This is completely rooted in nature. Chinese folks would measure the angle of the sun when the sun was closest to directly overhead. When the angle of the sun or change in length of the shadow at astronomical noon is plotted in a polar format, one gets the following graph:
Once one inserts a black dot on the day of the longest day (shortest shadow) and a white dot on the day of the shortest day (longest shadow), you get the traditional Yin Yang symbol.
Right now, as I look out my window at yet another snowy day after so many unexpected snowy days this winter, I can imagine it would be great to live in a place where the days are always the same length. The world would always be pretty warm.
Ironically, in a world where every day is the same length, there are downsides. Viruses and pests never go away the way they do for those of us who live in temperate climates. While there would be no cold, there would also be no snow (and skiing, etc.). The days melt into one constant sameness, where the only season becomes whether it is raining or parched.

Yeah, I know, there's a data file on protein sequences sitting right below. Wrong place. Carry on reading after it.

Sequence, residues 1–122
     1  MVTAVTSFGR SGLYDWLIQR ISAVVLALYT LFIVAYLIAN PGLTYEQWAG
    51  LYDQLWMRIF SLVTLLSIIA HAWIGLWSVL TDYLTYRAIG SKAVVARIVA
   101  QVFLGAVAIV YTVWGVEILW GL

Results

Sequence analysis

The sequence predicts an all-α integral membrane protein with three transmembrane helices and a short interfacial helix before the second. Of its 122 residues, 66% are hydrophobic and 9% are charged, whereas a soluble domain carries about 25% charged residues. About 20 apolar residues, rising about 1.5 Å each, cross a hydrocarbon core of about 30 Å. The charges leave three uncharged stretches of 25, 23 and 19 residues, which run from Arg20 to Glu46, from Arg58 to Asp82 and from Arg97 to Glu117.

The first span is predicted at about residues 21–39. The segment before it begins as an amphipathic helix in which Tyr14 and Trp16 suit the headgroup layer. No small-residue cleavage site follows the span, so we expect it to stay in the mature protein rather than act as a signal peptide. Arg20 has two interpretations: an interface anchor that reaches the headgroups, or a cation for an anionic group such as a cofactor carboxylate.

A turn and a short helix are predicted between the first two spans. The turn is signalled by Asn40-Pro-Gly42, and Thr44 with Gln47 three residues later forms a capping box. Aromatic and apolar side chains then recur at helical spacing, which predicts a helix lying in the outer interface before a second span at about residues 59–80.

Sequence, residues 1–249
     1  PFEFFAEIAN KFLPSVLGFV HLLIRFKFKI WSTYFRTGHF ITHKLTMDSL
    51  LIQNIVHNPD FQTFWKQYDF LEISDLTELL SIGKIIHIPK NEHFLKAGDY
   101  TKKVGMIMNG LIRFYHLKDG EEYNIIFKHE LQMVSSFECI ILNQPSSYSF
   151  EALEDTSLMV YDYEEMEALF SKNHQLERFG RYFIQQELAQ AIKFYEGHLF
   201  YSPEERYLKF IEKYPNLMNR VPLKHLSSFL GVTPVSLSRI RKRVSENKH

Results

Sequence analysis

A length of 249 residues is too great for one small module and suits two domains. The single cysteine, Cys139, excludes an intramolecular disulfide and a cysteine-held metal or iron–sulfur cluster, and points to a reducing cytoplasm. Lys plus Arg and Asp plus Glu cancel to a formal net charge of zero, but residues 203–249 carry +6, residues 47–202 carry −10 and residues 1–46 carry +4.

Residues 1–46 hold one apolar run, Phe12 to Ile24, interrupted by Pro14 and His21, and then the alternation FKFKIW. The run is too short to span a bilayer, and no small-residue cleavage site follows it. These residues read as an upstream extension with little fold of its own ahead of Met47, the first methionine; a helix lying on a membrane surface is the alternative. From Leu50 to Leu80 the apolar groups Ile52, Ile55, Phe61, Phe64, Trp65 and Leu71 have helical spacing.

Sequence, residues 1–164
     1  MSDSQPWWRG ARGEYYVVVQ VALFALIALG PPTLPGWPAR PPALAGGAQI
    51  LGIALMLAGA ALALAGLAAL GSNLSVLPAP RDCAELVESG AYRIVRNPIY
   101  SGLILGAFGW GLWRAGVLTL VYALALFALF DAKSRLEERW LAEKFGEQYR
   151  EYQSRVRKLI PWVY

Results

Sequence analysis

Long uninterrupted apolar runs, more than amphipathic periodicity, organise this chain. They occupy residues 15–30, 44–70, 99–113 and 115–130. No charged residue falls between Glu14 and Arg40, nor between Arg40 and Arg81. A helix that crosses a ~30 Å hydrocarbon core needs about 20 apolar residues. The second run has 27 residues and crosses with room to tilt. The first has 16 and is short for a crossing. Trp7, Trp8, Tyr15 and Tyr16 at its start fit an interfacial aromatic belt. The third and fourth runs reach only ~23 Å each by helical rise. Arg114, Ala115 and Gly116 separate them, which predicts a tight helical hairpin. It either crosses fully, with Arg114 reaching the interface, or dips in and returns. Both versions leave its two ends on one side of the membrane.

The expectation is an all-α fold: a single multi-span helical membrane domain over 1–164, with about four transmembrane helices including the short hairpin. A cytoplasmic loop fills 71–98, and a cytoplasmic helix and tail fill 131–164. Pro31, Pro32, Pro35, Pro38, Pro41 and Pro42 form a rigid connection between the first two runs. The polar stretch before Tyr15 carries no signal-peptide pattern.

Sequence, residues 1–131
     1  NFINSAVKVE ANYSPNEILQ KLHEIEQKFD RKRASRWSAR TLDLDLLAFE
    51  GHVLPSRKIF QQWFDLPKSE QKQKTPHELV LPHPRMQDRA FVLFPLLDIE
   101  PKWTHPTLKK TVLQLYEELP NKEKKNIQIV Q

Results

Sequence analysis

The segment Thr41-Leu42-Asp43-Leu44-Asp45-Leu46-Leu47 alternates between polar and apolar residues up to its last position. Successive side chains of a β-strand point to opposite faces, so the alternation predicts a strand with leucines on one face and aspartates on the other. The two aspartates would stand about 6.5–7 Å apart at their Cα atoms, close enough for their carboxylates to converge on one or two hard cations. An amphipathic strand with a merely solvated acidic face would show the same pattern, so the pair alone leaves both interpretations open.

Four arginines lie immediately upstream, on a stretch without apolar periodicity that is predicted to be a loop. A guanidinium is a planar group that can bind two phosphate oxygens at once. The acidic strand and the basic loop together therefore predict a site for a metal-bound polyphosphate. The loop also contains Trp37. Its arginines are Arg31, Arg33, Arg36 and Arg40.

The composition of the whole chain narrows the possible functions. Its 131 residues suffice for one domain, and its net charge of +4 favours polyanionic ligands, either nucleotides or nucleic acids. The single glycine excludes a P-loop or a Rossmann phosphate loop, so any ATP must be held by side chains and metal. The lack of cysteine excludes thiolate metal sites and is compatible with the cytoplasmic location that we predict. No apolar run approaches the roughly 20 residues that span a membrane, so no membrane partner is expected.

Relating this back to the priesthood, Mormon women have strong organizations focused on the unique needs of women, such as Relief Society. As we all know, men and women learn from the same manuals, but in that third hour, when we separate into gender-exclusive gatherings, we are able to tend to the unique experiences of our respective genders. In the second hour, we have typically sat together as men and women and learned together. This is fabulous, but I rarely hear individuals wax rapsodic about Sunday School. It is their bonds with their sisters in Relief Society or brothers in the priesthood quorum meetings that they tend to cherish.
If women had the priesthood, what would happen in this third hour? It appears the third hour would become like Sunday School, a meeting with both genders together, learning side by side. Perhaps Sunday School would become the history/doctrine lesson. The third hour, Priesthood, perhaps, would be the service/ministry hour.